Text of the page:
More Monkey Business: Copyright and the World’s Most Famous Monkey Selfie

In my other life as an intellectual property lawyer, I receive almost weekly proof that copyright law is the gift that goes on giving. This time it’s in the form of the world’s most famous monkey selfie, which first surfaced, in this blog and others, last year when an earlier copyright dispute came to light. The selfie has resurfaced, this time at the heart of yet another peculiar lawsuit, this one filed by PETA (People for the Ethical Treatment of Animals, Inc.) on behalf of “Naruto,” the monkey who snapped the famous selfie.

For those Rip Van Winkles among us who have just awakened from a ten-year snooze, a “selfie” is a photograph that you take of yourself, typically with a smartphone, and often share via social media. For example, at the 2014 Oscars ceremony, Bradley CoOscars-2014-Ellen-Degeneres-Celebrity-Selfie-Blasted-for-Product-Placement-431571-2[1]oper took a selfie with Ellen DeGeneres and several other celebrities. Here he is (in the photo on the left) snapping the selfie. The result (on the right) became the most widely shared selfie on Twitter and other social media.Ellen-Selfie[1]

But three years earlier, a far different selfie scenario unfolded while nature photographer David Slater was on vacation in Indonesia. A group of crested black macaques started playing with the camera equipment he had set up. “They were quite mischievous,” he told The Telegraph, “jumping all over my equipment, and it looked like they were already posing for the camera when one hit the button. The sound got his attention and he kept pressing it. He must have taken hundreds of pictures by the time I got my camera back, but not very many were in focus.”

A few were, however, and Slater included them in his book Wildlife Personalities (with the selfie above as the book cover). The monkey selfies became an Internet phenomenon, and–alas–the center of two separate legal disputes.

The first was a battle with the Wikipedia Foundation, which posted that monkey selfie online in its collection of public domain images and refused to take it down, arguing that Slater didn’t own the picture’s copyright because he didn’t take the picture—the monkey did. And since the monkey can’t own the copyright, Wikipedia argued, nobody does.

Slater’s latest battl7JgmFv6[1]e is with PETA and Antje Engelhardt, Ph.D., who, as  “next friends” of the macaque, have filed a copyright infringement lawsuit against Slater and his publisher. “Naruto,” the complaint alleges, “is a free, autonomous six-year-old male member of the Macaca nigra species, also known as a crested macaque, residing in the Tangkoko Reserve on the island of Sulawesi, Indonesia.”

The heart of the complaint is the claim that Naruto “has the right to own and benefit from the copyright in the Monkey Selfies in the same manner and to the same extent as any other author.” The Complaint seeks a declaration of Naruto’s rights, an injunction against use of the photos, an accounting of all profits attributable to the infringement and appropriate damages, permission for the Next Friends to administer and protect Naruto’s rights, an order that the proceeds from the sale, licensing, or other use of the photos be used solely to benefit Naruto and his community.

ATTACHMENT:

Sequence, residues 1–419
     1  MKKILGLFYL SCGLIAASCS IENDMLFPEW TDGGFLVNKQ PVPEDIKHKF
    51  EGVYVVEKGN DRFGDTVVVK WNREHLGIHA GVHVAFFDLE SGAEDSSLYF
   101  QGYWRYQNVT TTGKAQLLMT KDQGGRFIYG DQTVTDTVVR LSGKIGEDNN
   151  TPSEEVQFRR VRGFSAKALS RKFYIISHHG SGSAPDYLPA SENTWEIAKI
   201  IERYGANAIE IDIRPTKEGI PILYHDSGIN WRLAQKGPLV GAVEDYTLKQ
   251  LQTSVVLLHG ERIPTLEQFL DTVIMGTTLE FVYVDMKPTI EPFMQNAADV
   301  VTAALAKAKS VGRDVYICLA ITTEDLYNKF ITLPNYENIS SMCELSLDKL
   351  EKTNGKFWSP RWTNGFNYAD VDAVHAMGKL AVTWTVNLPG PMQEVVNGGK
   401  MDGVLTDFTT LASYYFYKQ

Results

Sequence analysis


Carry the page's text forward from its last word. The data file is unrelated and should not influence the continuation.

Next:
If asked to bet on the outcome of this lawsuit, I’d put my money on Slater and his publisher, but not for any sentimental reasons or for fear that this lawsuit is the harbinger for the real Planet of the Apes. Instead, I’d point to the Copyright Office and the U.S. Constitution:

  • The Copyright Office: Chapter 306 of the Compendium of US Copyright Office Practices states: “The U.S. Copyright Office will register an original work of authorship, provided that the work was created by a human being.”   The Copyright Office specifies that it “will not register works produced by nature, animals, or plants.” One example it offers:  “A photograph taken by a monkey.”
  • The U.S. Constitution: It’s easy to forget that the copyright and patent laws grant to authors and inventors a monopoly over their creations for a certain period–20 years for a patent owner, a lifetime plus 70 years for an author. For a nation that celebrates free enterprise and competition, what is the justification for this grant of monopoly? It’s right there in the Constitution. Specifically, Article I, Section 8, Clause 8, which empowers Congress to “promote the Progress of Science and useful Arts, by securing for limited Times to Authors and Inventors the exclusive Right to their respective Writings and Discoveries.” In other words, the justification for giving authors the exclusive rights in their creations is to provide them with an incentive to create art that will ultimately enrich our culture. Thus while monkeys have many endearing qualities, our Founding Fathers realized that granting them an exclusive right in their works would in no way give them an incentive to create those works. And thus the central purpose behind the copyright monopoly has no application outside the human race.

Which is not to say that Naruto’s selfie isn’t far more intriguing than 99% of the selfies taken by humans and posted onto social media. It’s just to say it’s in the public domain for all to enjoy. And while I’ve had to battle a variety of obnoxious animals in three-piece suits in the courtroom, I’m relieved to know that posting this monkey selfie on my blog won’t result in a call from a real gorilla that Naruto hired as his licensing agent.

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